ABSTRACT: The aim of the research is to investigate the correlation between age and playing styles in an authorial role-playing game. In the designed research the authors have assumed the playing styles defi ned by Richard Bartle, that is: the socializer, the killer, the achiever, the explorer. The research subjects came from three age groups: university students (18-25), corporate workers (35-50) and seniors (65+). The research was conducted with the use of the quantitative method on the basis of the playing styles observation sheet developed in accordance with the operationalization of Bartle’s taxonomy. Throughout the conducted observations one could observe clear behaviours, adequate with the operationalized taxonomy of Bartle. The dominant type in every age group was the socialiser, on the other hand only a few behaviours were associated with the killer type. In every age category there was a specifi c pattern of the observed behaviours, which are possible to explain by comparison to the everyday activities of the investigated age groups. Knowledge about the correlation between age and playing style could be useful for game creators and educators, who want to use the game as an educational method.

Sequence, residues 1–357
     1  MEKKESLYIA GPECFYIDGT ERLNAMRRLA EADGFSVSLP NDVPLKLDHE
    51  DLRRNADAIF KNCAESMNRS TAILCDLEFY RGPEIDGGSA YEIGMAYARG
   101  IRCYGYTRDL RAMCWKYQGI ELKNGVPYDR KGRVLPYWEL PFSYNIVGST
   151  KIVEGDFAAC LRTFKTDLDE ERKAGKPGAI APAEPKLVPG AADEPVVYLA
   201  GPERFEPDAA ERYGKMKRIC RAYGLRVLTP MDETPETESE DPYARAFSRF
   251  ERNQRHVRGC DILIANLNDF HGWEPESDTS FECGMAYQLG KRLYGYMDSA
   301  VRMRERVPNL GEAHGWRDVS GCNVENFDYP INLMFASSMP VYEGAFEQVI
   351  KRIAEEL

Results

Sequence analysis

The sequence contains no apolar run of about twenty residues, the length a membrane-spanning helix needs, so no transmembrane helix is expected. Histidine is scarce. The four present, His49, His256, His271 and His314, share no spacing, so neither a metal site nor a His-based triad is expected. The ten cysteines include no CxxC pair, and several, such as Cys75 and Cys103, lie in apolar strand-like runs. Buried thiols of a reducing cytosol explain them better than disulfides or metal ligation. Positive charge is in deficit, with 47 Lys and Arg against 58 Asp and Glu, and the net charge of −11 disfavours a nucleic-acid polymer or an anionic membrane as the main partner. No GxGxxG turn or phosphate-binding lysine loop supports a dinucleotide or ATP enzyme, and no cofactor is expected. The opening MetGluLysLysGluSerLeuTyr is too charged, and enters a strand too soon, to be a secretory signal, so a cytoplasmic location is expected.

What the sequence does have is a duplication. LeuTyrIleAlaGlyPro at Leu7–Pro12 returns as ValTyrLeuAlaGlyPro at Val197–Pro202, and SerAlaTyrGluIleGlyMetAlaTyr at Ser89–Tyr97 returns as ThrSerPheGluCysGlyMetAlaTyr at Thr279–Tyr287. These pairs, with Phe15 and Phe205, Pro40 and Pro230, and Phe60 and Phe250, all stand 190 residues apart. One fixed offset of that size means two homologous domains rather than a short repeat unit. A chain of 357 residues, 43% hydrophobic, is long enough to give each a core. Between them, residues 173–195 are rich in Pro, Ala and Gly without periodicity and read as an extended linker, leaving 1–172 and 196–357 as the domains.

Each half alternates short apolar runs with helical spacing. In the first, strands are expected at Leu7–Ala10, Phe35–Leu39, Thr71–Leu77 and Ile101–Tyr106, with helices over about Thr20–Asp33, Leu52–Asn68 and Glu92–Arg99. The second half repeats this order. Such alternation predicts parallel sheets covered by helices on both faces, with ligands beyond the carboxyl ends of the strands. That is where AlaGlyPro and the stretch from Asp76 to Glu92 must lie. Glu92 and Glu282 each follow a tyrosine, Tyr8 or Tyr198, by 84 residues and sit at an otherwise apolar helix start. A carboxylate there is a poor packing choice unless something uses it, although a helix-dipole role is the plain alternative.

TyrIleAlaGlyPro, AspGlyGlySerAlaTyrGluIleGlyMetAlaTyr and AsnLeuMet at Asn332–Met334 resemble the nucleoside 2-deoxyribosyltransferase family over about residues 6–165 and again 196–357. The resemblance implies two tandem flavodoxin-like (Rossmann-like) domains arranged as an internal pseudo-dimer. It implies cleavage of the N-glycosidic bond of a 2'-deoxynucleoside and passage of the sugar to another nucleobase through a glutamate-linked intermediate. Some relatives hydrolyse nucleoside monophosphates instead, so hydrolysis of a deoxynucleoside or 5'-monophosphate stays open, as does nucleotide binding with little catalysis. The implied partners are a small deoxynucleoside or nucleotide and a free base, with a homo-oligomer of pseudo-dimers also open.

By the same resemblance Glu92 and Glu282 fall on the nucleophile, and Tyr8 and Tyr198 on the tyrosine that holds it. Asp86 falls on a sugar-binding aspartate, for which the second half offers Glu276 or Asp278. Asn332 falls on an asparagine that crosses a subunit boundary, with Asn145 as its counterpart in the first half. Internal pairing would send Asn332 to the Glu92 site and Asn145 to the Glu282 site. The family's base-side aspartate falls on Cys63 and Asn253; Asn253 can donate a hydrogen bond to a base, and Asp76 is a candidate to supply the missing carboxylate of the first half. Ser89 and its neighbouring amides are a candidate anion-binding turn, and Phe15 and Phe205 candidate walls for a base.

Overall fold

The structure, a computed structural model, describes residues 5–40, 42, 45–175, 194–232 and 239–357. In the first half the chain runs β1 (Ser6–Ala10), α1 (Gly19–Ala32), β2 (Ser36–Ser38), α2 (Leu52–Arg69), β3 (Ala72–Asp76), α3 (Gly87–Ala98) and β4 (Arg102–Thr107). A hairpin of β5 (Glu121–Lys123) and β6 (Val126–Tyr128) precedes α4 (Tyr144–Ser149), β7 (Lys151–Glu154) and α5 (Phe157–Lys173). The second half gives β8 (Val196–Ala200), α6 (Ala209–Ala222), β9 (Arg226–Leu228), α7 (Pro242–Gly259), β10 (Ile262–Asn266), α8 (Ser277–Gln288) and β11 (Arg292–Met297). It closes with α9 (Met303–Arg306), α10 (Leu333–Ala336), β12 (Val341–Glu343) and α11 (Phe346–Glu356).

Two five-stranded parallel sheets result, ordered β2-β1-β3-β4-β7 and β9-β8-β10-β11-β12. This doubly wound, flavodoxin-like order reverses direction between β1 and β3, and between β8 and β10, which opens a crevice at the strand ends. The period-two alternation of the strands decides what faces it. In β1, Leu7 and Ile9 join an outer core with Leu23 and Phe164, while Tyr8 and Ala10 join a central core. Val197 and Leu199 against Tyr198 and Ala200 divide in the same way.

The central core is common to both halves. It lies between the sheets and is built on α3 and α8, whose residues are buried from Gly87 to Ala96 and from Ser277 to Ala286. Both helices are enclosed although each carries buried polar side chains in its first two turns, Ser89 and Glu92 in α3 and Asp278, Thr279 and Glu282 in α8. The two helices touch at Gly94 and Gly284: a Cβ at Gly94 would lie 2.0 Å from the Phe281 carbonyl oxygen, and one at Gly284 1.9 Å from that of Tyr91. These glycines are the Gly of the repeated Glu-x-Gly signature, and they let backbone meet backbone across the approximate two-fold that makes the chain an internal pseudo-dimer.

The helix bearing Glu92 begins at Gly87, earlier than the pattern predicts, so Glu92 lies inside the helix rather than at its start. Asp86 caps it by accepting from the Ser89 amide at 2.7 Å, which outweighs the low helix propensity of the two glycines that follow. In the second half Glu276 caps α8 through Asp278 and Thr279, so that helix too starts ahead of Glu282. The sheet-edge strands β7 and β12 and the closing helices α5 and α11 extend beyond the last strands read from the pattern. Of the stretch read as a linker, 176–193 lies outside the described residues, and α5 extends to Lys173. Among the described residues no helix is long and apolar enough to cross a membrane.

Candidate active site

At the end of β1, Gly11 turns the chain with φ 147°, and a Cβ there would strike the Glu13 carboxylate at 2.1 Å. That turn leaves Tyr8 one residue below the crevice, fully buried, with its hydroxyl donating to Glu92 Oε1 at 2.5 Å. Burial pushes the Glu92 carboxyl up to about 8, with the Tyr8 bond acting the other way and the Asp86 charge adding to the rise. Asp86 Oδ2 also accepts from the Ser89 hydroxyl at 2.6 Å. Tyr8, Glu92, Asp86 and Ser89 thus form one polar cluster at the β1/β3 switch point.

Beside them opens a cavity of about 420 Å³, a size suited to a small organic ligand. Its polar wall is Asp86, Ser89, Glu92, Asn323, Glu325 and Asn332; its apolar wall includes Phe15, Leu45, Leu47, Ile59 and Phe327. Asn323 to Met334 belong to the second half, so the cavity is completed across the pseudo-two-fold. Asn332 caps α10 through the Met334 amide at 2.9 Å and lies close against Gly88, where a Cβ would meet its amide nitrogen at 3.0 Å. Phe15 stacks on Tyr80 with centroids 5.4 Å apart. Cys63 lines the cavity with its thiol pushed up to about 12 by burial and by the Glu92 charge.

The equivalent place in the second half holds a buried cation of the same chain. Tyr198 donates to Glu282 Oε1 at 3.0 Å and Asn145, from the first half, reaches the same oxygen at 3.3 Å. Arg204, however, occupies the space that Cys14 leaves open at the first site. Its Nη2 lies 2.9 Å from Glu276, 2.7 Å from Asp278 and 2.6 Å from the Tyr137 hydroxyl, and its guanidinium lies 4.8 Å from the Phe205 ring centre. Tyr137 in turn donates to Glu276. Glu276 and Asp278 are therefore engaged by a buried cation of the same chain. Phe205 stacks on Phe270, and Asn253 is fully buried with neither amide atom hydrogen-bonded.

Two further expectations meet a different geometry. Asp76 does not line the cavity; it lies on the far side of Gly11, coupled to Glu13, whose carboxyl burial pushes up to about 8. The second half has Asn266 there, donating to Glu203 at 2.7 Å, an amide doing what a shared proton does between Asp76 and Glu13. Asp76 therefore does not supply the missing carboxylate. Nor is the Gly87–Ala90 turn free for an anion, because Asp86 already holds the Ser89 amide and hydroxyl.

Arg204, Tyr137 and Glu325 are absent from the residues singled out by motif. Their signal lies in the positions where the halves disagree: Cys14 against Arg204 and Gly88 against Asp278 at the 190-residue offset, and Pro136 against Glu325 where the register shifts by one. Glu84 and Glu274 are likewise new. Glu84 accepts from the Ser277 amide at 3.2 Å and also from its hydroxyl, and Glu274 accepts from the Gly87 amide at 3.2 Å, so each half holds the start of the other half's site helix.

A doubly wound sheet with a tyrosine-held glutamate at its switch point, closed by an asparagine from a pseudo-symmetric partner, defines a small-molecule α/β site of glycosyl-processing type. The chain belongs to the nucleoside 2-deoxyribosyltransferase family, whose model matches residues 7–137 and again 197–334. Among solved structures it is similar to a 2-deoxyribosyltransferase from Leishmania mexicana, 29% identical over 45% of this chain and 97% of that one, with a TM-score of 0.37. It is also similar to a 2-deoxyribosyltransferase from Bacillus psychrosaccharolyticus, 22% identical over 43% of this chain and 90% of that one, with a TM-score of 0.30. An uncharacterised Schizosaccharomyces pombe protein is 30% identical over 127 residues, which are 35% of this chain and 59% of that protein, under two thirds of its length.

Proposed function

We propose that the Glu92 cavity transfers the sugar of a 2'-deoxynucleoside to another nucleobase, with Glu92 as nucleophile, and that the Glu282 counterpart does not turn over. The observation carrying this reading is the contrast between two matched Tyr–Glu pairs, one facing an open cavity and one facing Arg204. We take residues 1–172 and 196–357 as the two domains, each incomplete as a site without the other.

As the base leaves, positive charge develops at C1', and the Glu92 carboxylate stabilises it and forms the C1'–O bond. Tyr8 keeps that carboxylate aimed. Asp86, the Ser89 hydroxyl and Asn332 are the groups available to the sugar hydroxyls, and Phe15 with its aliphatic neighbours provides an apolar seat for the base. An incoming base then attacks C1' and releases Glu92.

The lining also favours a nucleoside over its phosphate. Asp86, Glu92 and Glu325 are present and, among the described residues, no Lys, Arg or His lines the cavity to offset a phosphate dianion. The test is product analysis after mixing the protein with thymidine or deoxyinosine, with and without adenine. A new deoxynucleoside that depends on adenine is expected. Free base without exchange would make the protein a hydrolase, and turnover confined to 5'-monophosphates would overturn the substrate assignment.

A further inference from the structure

KEY WORDS: Bartle’s taxonomy, early adulthood, LARP, late adulthood, middle adulthood, RPG.